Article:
Theorem 3.5 (Arhangel’skiı) Let X be a first-countable Hausdorff spacesuch that the following holds for every closed subset H of X: if V = ∪Vn isa collection of open sets in X that covers H, then each Vn has a countablesubcollection Wn such that H ⊆ ∪n∈ω(∪Wn)−. Then |X| ≤ 2ω.

Finally we arrive at what is undoubtedly the most complicated (to prove)variation of Arhangel’skiı’s inequality. Recall that a space X is linearly Lin-delof if every increasing open cover of X has a countable subcover. Thisis equivalent to: every uncountable subset of X of regular cardinality has acomplete accumulation point. In recent years Arhangel’skiı has emphasizedthe following general problem: What theorems about Lindelof spaces extendto linearly Lindelof spaces? Arhangel’skiı and Buzyakova prove:

Theorem 3.6 (Arhangel’skiı-Buzyakova) Let X be a completely regularspace that is sequential, linearly Lindelof, and has ψ(X) ≤ 2ω. Then |X| ≤2ω.

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Arhangel’skiı and Buzyakova first prove:

Theorem 3.7 Let X be a T1 space such that

(1)X is ℵ1-Lindelof (every open cover of X of cardinality ≤ ℵ1 has a count-able subcover);(2) X has countable tightness;(3) if A ⊆ X with |A| ≤ 2ω, then |A−| ≤ 2ω;(4) for each closed subset H of X of cardinality ≤ 2ω, there is a collectionVH of open sets in X with |VH | ≤ 2ω and ∩VH = H.

Then |X| ≤ 2ω.

First note that every linearly Lindelof space is ℵ1-Lindelof. The proof of3.7 is given below and is an interesting variation of the closure argumentsgiven thus far. Moreover, the statement itself is reminiscent of General The-orem 2 in [6]. We emphasize that the derivation of 3.6 from 3.7 requiresconsiderable effort. The difficult to verify property is (4). Note that (4) iseasy to prove if (a) X is Lindelof or (b) CH holds. But for the case in whichX is just linearly Lindelof, the verification of (4) is extremely delicate; see[11] for details.

Proof of 3.7 Construct a sequence {Hα : α < ℵ1} of closed subsets ofX (use hypothesis (3) here) such that for 0 ≤ α < ℵ1:

(a) |Hα| ≤ 2ω;(b) if A is a countable subset of ∪{Hβ : β < α}, then A− ⊆ Hα;(c) if W is a countable union of elements of {V : V ∈ VHβ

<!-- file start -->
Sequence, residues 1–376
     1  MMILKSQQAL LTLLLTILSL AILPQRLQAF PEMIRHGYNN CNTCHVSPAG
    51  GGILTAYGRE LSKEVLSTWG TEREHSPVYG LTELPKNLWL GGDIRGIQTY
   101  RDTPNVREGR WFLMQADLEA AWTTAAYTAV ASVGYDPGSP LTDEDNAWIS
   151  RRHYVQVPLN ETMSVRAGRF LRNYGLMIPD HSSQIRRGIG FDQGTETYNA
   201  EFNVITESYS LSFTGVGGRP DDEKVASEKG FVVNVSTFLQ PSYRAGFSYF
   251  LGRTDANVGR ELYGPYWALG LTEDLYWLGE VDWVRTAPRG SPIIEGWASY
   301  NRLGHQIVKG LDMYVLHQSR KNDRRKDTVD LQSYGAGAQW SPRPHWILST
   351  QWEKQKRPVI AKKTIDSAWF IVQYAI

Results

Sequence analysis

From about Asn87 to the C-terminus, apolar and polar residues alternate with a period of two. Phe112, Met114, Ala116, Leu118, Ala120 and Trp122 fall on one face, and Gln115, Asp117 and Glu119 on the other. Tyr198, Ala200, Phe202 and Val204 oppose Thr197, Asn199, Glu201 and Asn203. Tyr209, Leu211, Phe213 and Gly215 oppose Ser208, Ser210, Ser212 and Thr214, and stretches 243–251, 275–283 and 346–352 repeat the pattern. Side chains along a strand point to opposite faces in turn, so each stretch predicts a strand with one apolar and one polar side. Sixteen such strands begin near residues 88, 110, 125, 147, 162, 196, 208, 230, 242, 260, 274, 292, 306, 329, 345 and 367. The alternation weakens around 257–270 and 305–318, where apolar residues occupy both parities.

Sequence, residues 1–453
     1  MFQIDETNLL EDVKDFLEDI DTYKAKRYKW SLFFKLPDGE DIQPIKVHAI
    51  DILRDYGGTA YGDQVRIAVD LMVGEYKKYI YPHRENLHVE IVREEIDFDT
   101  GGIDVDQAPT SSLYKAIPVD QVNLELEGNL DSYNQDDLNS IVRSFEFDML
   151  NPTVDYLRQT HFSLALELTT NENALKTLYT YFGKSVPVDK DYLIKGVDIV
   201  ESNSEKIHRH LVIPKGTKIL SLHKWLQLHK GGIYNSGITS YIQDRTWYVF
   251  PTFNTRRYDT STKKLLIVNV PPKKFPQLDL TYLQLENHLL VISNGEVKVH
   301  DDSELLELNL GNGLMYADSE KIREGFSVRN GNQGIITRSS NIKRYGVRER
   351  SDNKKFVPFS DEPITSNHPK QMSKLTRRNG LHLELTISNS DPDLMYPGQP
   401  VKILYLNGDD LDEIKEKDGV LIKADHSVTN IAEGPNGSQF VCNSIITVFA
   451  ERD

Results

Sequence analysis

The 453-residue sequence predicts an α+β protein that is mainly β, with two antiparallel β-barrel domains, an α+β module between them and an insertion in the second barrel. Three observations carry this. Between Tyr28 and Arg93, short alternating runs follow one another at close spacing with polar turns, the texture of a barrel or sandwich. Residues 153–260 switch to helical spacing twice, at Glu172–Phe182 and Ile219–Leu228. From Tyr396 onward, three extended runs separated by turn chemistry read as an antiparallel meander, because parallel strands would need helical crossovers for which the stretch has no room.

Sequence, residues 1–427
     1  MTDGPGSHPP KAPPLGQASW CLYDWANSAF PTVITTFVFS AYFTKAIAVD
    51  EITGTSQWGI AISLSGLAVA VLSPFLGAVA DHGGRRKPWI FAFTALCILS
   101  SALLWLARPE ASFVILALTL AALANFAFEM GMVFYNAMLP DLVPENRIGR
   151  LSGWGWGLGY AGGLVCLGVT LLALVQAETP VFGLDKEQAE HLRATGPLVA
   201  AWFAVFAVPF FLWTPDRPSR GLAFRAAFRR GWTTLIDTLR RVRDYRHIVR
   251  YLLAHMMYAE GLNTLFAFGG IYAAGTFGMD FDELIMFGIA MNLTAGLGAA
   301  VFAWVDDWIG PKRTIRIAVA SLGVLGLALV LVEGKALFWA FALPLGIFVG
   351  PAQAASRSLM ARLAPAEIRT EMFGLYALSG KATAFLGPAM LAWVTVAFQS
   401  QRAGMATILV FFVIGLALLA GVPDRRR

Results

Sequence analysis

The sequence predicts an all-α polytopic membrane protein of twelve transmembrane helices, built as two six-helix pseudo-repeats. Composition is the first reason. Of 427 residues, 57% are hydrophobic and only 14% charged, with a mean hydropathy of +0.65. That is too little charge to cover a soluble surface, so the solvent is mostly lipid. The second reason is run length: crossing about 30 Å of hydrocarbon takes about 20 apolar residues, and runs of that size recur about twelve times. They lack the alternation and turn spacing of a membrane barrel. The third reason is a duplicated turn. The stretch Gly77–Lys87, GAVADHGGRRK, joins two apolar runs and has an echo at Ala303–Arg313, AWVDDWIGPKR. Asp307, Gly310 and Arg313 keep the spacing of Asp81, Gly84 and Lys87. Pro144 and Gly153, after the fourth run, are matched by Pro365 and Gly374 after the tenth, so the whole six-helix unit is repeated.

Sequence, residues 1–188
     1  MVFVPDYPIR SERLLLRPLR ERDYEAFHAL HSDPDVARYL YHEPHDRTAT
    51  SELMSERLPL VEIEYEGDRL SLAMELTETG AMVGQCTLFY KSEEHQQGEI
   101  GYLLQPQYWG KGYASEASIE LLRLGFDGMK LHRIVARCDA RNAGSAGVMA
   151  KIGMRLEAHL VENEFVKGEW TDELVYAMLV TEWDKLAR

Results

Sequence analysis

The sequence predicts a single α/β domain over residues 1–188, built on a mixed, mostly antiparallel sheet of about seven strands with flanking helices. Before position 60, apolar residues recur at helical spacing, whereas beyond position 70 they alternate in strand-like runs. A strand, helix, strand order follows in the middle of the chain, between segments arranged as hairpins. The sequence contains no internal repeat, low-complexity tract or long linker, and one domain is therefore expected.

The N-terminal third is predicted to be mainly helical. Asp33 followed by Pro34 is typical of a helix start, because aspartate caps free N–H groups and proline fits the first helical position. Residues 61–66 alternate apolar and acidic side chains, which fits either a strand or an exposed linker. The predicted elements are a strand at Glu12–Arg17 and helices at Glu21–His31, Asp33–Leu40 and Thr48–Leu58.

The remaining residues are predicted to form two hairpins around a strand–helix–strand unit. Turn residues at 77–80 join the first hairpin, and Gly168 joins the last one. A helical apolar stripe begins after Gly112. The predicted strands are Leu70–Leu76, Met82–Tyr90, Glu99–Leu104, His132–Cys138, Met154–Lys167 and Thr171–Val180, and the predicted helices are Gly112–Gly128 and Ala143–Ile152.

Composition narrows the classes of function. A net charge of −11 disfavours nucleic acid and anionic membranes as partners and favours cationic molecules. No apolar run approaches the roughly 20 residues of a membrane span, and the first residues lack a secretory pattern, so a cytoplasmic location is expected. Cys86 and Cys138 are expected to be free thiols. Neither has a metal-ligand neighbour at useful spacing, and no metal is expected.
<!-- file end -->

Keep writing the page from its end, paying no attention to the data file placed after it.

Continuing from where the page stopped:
and β < α} andW 6= X, then Hα −W 6= ∅.

Let H = ∪{Hα : α < ℵ1}; clearly |H| ≤ 2ω. Now verify: H is closed [by (b)and t(X) ≤ ω]; H = X [use (c) and the fact that H is ℵ1-Lindelof]. ¤

4 Gryzlov’s theorems and generalizations

In 1980 Gryzlov proved two variations of Arhangel’skiı’s equality, each ofwhich answers the original question of Alexandroff and Urysohn. His firstresult is as follows.

Theorem 4.1 (Gryzlov) Let X be a compact T1 space. Then |X| ≤ 2ψ(X).

Recall that a compact T1-space need not be Hausdorff. The proof of 4.1is a standard closure argument: construct a set H = ∪{Hα : α < κ+},where each Hα has size at most 2κ, and then prove that H = X. However,the sequence {Hα : α < κ} is constructed to insure that H is compact (as

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opposed to closed as in previous proofs). The key is Lemma 4.2 below, easilythe most difficult and ingenious step in Gryzlov’s proof (given that closurearguments are by now well understood).

Lemma 4.2 Let X be a compact T1 space with ψ(X) ≤ κ and let H be asubset of X such that every infinite subset of H of cardinality ≤ κ has acomplete accumulation point in H. Then H is compact.

Once Lemma 4.2 is available, the proof of Theorem 4.1 proceeds as follows.

Proof of Theorem 4.1 Let X be a compact T1-space, let ψ(X) = κ, andfor each x ∈ X let Vx be a collection of open neighborhoods of x such that|Vx| ≤ κ and ∩{V : V ∈ Vx} = {x}. Construct a sequence {Hα : α < κ+} ofsubsets of X such that for 0 ≤ α < κ+:

(a) |Hα| ≤ 2κ;(b) if A is an infinite subset of ∪β<αHβ of cardinality ≤ κ, then some pointof Hα is a complete accumulation point of A;(c) if W is a finite union of elements of {V : V ∈ Vx and x ∈ ∪β<αHβ} andW 6= X, then Hα −W 6= ∅.

Let H = ∪{Hα : α < κ+}; clearly |H| ≤ 2κ. Now check: H is compact (use(b) and Lemma 4.2); H = X (use (c) and the compactness of H). ¤

In 1983 Stephenson generalized Gryzlov’s Theorem as follows.

Theorem 4.3 (Stephenson) Let X be a 2κ-total T1 space with ψ(X) ≤ κ.Then |X| ≤ 2κ and X is compact.

Stephenson’s proof is interesting from the following point of view: heproves the compactness of X by first obtaining an upper bound on the car-dinality of X. A space X is κ-total if for every subset H of X with |H| ≤ κ,every filter base on H has an adherent point in X. This class of spaces wasintroduced by Vaughan in connection with problems on compactness-likeproperties of product spaces.

Now let us turn to Gryzlov’s second theorem.

Theorem 4.4 (Gryzlov) Let X be an H-closed space with ψc(X) = ω.Then |X| ≤ 2ω.

Again the proof is a closure argument, but the technical details are evenmore delicate. The idea is to construct the sequence {Hα : α < ω1} so thatthe union is an H-set. (Recall that a closed subset of an H-closed space neednot be an H-set.) To do this, Gryzlov uses θ-accumulation points rather thancomplete accumulation points. However, this method of proof does not seemto extend to higher cardinality, and in 1982 Porter and Dow used a quitedifferent attack to prove the general case.

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Theorem 4.5 (Dow-Porter) Let X be an H-closed space. Then |X| ≤2ψc(X).

A suitable modification of Gryzlov’s original construction does extend tohigher cardinality. The key is to replace θ-accumulation points with θ-clusterpoints. We now outline this approach. First of all, we will work with nets ofthe form ξ = {xF : F ∈ κ<ω}; here κ<ω is the directed set that consists ofall finite subsets of κ. Let A ⊆ X and let ξ = {xF : F ∈ κ<ω} be a net in A.A point x ∈ A is a θ-cluster point of ξ relative to A if given any open set Rof X with x ∈ R and any α < κ, there exists F ∈ κ<ω such that α ∈ F andxF ∈ (R ∩ A)−. If A = X, we say that x is a θ-cluster point of ξ. It is easyto prove that for an H-closed space X, every net ξ = {xF : F ∈ κ<ω} in Xhas a θ-cluster point. We will use the following well-known characterizationof H-sets.